Koreas trade volume has reached $500 billion (about 500 trillion won).
Seventeen years have passed since it surpassed $100 billion in 1988, and one year has passed since it exceeded $400 billion last year.
Koreas ranking in terms of its trade volume, which was 12th as of last year, is certain to reach 11th, surpassing Hong Kong, this year.
According to the Ministry of Commerce, Industry and Energy (MOCIE) and Korea International Trade Association (KITA) yesterday, Koreas accumulated export volume as of November 22 was $250.5 billion, its import volume was $230.7 billion, and its trade volume was $481.2 billion.
If this trend continues, its trade volume early next month would surpass $500 billion, and it would reach $545 billion by the year-end, according to the MOCIE.
This is a bigger volume that the total trade volume last year of 38 Latin American countries ($513.6 billion), except for Mexico and that of 53 African countries ($443.5 billion).
Koreas trade volume has grown at an unprecedentedly fast pace, surpassing one billion dollars in 1967; it hit $10 billion in 1974 and $300 billion in 2000.
If this pace continues, Korea may expect to enter the top 10 in terms of trade volume within one to two years.
The trade volume of Canada and Belgium, ranking 9th and 10th, respectively, is $615 billion and $594 billion, respectively, which shows not much of a gap with Korea.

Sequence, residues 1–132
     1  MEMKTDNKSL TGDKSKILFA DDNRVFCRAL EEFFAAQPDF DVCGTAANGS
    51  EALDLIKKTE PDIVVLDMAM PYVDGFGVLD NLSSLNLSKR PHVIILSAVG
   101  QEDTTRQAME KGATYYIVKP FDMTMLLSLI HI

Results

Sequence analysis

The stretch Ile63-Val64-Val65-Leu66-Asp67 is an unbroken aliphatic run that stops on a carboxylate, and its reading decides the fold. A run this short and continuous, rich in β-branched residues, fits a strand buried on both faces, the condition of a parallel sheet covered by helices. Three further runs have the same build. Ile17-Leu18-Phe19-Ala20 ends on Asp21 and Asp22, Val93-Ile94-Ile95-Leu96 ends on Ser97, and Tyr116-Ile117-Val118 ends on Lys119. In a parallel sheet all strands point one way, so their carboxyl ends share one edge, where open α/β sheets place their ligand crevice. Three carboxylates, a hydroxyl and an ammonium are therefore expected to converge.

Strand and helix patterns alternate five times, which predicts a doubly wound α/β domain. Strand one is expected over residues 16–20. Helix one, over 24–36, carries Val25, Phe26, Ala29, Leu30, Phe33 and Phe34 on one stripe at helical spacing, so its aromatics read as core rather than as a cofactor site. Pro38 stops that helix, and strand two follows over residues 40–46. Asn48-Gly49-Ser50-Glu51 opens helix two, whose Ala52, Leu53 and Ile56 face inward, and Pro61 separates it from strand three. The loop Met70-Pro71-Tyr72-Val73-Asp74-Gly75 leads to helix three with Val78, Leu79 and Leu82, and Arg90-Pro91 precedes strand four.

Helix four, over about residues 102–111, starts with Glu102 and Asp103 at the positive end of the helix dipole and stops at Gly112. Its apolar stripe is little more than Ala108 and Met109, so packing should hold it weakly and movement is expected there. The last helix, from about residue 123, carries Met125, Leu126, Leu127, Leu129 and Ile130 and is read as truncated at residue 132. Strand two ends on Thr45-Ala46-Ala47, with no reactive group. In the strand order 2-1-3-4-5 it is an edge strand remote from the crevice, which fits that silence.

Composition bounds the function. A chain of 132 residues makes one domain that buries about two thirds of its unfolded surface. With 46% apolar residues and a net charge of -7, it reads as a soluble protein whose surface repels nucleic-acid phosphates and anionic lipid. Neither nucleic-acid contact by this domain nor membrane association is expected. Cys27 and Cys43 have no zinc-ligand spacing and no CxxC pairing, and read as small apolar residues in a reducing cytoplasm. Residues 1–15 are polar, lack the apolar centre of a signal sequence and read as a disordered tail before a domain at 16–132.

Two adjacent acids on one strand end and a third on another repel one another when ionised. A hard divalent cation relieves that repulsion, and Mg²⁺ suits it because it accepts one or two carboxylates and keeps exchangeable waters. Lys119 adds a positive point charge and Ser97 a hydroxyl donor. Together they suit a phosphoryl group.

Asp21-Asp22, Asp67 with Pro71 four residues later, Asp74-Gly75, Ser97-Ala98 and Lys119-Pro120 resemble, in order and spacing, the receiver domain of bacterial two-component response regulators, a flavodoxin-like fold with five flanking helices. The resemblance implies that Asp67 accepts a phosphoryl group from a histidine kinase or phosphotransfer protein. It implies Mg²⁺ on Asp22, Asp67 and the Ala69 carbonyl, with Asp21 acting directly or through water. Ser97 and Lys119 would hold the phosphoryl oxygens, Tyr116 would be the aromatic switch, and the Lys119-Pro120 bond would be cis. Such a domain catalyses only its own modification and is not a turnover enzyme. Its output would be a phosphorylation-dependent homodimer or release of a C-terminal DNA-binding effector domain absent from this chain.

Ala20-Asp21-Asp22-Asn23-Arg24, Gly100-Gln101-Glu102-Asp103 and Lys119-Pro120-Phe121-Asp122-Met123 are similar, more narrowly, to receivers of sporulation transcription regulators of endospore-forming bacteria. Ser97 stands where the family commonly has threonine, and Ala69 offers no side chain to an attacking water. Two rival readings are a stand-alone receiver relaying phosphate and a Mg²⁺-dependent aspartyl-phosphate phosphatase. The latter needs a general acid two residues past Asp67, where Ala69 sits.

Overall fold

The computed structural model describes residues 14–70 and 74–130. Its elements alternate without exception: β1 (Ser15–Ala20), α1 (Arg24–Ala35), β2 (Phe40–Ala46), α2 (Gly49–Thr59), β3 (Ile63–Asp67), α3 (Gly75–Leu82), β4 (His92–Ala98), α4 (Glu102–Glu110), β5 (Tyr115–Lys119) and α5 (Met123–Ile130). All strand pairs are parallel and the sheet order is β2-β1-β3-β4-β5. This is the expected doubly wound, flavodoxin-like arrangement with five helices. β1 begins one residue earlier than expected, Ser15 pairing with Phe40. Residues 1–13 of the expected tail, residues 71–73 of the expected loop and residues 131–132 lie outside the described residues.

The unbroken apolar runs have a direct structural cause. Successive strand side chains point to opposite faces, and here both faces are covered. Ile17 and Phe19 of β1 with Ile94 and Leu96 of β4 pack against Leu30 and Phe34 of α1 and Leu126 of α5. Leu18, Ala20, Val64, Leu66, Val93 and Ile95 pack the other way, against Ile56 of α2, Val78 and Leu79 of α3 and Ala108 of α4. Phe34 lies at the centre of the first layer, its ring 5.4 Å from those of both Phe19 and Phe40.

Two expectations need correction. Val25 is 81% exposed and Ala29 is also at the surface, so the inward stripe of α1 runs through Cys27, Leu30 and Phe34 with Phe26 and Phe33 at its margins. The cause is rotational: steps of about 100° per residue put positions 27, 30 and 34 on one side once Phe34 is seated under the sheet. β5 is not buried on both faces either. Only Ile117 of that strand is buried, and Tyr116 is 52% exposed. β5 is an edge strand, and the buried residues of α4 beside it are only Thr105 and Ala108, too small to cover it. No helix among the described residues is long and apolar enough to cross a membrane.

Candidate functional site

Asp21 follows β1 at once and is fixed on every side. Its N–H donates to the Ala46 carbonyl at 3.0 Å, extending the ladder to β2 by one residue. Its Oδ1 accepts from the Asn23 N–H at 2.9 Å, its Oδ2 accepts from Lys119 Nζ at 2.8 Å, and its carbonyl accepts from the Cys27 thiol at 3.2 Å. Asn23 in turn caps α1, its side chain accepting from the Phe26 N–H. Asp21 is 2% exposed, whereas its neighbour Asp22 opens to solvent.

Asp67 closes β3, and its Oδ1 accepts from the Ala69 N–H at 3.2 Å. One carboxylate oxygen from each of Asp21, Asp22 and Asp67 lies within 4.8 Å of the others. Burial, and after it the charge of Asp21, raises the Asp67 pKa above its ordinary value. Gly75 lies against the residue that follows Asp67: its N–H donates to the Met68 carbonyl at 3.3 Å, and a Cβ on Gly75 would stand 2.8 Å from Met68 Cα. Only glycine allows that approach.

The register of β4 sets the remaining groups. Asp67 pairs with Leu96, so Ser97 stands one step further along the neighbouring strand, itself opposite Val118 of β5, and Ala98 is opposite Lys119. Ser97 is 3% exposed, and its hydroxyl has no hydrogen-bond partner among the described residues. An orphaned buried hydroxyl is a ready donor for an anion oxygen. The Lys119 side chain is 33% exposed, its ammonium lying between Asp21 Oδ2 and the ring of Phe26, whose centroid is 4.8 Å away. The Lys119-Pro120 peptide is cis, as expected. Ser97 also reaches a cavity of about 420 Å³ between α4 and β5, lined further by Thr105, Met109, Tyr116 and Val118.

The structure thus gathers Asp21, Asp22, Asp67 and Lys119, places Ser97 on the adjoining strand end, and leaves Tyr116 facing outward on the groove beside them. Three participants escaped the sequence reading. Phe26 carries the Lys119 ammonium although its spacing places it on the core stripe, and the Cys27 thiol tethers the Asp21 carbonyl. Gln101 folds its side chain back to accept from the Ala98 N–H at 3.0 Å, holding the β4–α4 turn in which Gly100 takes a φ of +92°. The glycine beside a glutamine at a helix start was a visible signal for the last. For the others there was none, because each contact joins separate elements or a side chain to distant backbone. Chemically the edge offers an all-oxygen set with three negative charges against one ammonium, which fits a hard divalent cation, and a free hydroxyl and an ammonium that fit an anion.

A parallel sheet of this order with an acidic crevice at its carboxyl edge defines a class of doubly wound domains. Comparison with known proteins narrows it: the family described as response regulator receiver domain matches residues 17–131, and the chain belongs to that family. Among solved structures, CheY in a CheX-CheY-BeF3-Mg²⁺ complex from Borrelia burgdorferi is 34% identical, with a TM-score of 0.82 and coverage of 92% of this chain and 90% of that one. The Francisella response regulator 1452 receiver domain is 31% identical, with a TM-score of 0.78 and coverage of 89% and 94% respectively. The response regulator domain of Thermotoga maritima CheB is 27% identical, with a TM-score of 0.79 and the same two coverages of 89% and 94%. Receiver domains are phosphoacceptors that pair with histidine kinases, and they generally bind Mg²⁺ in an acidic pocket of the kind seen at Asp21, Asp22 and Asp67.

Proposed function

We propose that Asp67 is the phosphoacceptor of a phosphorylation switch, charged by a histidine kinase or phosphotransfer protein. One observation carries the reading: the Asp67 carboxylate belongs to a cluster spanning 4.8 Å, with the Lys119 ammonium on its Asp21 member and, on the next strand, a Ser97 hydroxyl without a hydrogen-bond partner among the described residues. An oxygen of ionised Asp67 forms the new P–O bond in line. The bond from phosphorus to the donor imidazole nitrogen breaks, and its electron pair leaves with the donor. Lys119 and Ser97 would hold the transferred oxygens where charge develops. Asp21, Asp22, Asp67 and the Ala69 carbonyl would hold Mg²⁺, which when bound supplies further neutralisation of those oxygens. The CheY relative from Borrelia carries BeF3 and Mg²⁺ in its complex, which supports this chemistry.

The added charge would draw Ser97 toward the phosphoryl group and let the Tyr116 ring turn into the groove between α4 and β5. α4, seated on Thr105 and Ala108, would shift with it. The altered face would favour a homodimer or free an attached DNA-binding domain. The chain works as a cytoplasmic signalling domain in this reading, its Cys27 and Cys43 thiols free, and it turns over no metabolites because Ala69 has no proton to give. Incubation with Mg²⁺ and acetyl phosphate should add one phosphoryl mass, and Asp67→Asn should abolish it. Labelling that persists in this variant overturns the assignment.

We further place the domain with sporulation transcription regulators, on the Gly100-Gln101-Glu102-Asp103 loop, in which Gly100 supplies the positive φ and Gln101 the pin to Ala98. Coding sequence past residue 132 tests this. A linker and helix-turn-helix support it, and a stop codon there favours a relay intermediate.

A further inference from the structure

Such a fast increase was possible thanks to the recent higher productivity levels in major industries, including semiconductors, mobile phones, automobiles, shipbuilding, and steel, which expanded Koreas total export volumes.
According to the Samsung Economic Research Institute, higher productivity contributed to export volumes by 34 percent before the financial crisis from 1991 to 1997. However, in the post-crisis era from 1998 to 2004, this increased by 15 percentage points to 49 percent. It shows Koreas international competitiveness in major industries has been boosted.
Due to skyrocketing oil prices, which lead to higher import prices, the costs of imports rose to a great extent. In particular, Dubai crude rose from $33.74 per barrel last year to $49.20 this year by almost 50 percent, which overall raised the prices of imported products.
Lee Jae-hoon, bureau chief of the MOCIE, said, Out of the total import volumes, those for exporting take up about 40 percent, so increases in import volumes do not necessarily show negative signs, adding, A trade volumes surpassing $500 billion proves Korea is now an advanced trading nation.
However, the top five categories take up about 50 percent out of the total export volume, showing the industrial structure is rather tilted, and Koreas export-led economy, with a sluggish domestic market, urgently needs solutions.